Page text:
Nirvana Meet World, Vanilla Ice Tanks, Kid 'N Play Party: This Week In 1991

It wasn't all that great of a week for Vanilla Ice. A movie called "Cool as Ice," in which the rap star made his starring debut, opened at 393 theaters across the U.S. the previous weekend and took in only $638,000, placing it down at #14 among the week's new releases, nine places below the latest Ernest movie, "Scared Stupid."

The hottest rock band in the country this week in 1991 was a group called Nirvana, the latest export from the thriving Seattle music scene. The band's latest album, Nevermind, featured the great lead single "Smells Like Teen Spirit," a reference to a feminine deodorant spray. MTV News hung out with the bassist then known as Chris Novoselic and drummer Dave Grohl to find out the scoop.

"[It's] Black Sabbath meets the Knack," Novoselic said of Nirvana's sound.

"It all started in 1987 in the small costal town of Aberdeen, Washington," he explained. "We were just jamming in this shack and moved out of town, started playing gigs in Seattle, made a tape, Sub Pop heard it, and the rest just keeps snowballing."

Sub Pop Records is the Seattle record label which gave Soundgarden their start and also signed Nirvana and released their debut album, Bleach, in 1989. Drummer Dave Grohl joined the band a year later and the trio released their major-label debut, Nevermind, a collection of raw, punkish, guitar-driven rock that took only three weeks to record. The first video was for the song "Smells Like Teen Spirit," a wild, dark, depraved look at high school featuring audience members from an actual Nirvana show.

"We played a show a couple nights before and we invited everyone to come down and watch us do the video," Grohl said. "And I don't know if they knew what to expect, so like 300 kids showed up and just hung out. It was pretty cool."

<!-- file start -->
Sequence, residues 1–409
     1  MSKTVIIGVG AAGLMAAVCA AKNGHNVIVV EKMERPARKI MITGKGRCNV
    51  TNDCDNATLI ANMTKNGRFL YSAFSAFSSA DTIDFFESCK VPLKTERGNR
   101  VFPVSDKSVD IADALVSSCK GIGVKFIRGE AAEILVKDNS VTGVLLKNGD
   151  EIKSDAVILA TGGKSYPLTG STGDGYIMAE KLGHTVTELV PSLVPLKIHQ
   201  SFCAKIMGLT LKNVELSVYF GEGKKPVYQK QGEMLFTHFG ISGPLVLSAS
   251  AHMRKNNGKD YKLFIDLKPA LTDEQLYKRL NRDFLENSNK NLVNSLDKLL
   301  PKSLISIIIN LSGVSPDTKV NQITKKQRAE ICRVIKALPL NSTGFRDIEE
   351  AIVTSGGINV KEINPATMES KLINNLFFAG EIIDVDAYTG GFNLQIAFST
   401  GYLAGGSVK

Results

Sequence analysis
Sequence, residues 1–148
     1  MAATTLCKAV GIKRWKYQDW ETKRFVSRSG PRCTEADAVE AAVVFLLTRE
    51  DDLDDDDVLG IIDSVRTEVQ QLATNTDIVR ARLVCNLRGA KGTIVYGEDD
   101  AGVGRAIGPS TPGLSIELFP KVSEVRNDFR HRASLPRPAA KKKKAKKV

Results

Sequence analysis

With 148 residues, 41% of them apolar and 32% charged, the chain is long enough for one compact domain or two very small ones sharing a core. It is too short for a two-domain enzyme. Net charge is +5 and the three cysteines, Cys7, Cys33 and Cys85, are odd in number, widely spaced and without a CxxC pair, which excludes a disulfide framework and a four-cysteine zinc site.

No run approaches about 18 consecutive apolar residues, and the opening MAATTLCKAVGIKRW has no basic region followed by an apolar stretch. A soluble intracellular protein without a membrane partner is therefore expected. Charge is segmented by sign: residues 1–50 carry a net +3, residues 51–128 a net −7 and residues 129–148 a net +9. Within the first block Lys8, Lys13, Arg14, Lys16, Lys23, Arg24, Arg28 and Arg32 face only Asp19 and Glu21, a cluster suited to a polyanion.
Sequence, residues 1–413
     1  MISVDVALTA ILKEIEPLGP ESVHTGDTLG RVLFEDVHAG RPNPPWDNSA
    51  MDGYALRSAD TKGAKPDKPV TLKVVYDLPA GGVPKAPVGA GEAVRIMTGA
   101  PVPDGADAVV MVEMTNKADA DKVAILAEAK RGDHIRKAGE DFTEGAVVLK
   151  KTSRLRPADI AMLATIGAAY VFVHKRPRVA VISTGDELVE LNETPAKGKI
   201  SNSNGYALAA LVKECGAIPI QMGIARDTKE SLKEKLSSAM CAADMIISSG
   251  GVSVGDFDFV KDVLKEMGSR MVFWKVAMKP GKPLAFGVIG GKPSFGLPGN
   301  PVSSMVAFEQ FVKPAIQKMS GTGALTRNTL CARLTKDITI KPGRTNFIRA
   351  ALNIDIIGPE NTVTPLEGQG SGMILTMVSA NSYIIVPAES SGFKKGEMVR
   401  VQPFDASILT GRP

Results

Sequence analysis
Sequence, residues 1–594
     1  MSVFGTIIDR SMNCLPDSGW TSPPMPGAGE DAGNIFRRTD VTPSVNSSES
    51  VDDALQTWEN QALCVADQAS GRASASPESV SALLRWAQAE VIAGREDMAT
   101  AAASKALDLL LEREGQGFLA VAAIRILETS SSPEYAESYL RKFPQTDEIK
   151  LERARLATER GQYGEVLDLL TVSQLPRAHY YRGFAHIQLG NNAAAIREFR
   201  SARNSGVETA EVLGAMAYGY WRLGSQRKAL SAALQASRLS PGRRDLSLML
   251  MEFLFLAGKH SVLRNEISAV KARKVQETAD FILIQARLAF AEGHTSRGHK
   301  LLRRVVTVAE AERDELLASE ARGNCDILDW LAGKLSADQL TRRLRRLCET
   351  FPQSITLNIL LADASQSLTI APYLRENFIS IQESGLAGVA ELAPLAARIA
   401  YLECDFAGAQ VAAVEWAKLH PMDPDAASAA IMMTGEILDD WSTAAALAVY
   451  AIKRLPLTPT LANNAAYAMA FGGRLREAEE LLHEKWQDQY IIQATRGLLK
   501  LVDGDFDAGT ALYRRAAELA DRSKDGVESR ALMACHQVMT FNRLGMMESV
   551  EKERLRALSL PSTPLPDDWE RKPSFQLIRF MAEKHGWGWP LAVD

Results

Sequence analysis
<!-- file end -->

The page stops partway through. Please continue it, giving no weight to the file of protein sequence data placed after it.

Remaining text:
"The song can be about anything, really," Novoselic said. "You put your mind to it. Creativity is such a beautiful human attribute so we just like, leave it to the fans."

New York rap duo Kid 'N Play were back in action with a new album called Face the Nation and a new movie, "House Party 2."

"What we wanted Face the Nation to represent was to equate it with looking in the mirror at yourself, looking at who you are, where you've been, and where you're headed and by what means are you getting there," said Kid, who was no longer sporting his trademark high-top fade haircut.

As with other rap releases at the time, the new Kid 'N Play album featured forays into jazz and R&B. The first single was the very catchy "Ain't Gonna Hurt Nobody."

"We tried to design it as sort of a weekend anthem," Kid explained. "I think those are words to live by. I think it epitomizes what Kid 'N Play is all about. People see us as having fun and goofing around and all of that, but we looked at what we had to do to get to this point."

"Ain't Gonna Hurt Nobody" was also one of the featured songs on the soundtrack to "House Party 2."

"It looks like a party that you would want to go to," Kid said of the flick. "You've got some great musical performances. It's so colorful. People got pajamas on. It looks like a rocking party, you just wanna be there. It's a legal party too. I mean, what could be more exciting than that?"

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